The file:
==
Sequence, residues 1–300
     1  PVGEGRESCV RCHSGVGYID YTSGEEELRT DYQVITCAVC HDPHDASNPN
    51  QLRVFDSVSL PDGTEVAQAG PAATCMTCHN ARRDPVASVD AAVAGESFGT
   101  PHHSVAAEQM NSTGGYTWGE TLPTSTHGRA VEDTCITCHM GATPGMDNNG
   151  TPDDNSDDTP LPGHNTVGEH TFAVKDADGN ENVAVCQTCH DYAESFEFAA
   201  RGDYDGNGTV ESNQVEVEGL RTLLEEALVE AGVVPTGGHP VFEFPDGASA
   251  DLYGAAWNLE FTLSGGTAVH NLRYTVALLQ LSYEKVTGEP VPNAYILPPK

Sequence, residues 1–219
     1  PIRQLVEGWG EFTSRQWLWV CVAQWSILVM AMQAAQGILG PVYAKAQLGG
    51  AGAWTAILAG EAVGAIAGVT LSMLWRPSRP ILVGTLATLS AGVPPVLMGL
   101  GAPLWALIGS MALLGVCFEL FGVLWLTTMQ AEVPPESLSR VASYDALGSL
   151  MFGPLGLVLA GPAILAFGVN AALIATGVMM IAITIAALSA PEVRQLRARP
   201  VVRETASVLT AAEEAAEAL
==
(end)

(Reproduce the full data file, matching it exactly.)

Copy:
Sequence, residues 1–300
     1  PVGEGRESCV RCHSGVGYID YTSGEEELRT DYQVITCAVC HDPHDASNPN
    51  QLRVFDSVSL PDGTEVAQAG PAATCMTCHN ARRDPVASVD AAVAGESFGT
   101  PHHSVAAEQM NSTGGYTWGE TLPTSTHGRA VEDTCITCHM GATPGMDNNG
   151  TPDDNSDDTP LPGHNTVGEH TFAVKDADGN ENVAVCQTCH DYAESFEFAA
   201  RGDYDGNGTV ESNQVEVEGL RTLLEEALVE AGVVPTGGHP VFEFPDGASA
   251  DLYGAAWNLE FTLSGGTAVH NLRYTVALLQ LSYEKVTGEP VPNAYILPPK

Sequence, residues 1–219
     1  PIRQLVEGWG EFTSRQWLWV CVAQWSILVM AMQAAQGILG PVYAKAQLGG
    51  AGAWTAILAG EAVGAIAGVT LSMLWRPSRP ILVGTLATLS AGVPPVLMGL
   101  GAPLWALIGS MALLGVCFEL FGVLWLTTMQ AEVPPESLSR VASYDALGSL
   151  MFGPLGLVLA GPAILAFGVN AALIATGVMM IAITIAALSA PEVRQLRARP
   201  VVRETASVLT AAEEAAEAL